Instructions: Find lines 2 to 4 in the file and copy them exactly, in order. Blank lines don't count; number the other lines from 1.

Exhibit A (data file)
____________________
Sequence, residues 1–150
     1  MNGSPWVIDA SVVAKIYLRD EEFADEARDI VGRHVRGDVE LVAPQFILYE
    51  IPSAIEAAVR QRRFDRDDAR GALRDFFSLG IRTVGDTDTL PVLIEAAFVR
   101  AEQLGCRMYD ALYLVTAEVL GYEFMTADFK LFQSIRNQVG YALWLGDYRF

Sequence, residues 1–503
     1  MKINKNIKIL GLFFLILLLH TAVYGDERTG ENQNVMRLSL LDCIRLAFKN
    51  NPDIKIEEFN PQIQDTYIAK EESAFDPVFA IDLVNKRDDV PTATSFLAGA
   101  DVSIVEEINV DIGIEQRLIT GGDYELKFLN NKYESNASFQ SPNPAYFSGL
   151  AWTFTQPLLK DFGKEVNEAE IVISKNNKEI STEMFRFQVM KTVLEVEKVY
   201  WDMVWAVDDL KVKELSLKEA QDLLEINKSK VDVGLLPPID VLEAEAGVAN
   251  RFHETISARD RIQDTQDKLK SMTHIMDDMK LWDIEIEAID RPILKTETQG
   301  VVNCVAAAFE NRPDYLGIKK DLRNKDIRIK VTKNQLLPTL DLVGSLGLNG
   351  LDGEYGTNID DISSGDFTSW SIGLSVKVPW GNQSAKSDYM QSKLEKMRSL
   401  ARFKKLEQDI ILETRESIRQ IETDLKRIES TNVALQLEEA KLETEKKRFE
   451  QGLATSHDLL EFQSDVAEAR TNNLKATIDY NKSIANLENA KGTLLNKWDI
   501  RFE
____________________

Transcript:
     1  MNGSPWVIDA SVVAKIYLRD EEFADEARDI VGRHVRGDVE LVAPQFILYE
    51  IPSAIEAAVR QRRFDRDDAR GALRDFFSLG IRTVGDTDTL PVLIEAAFVR
   101  AEQLGCRMYD ALYLVTAEVL GYEFMTADFK LFQSIRNQVG YALWLGDYRF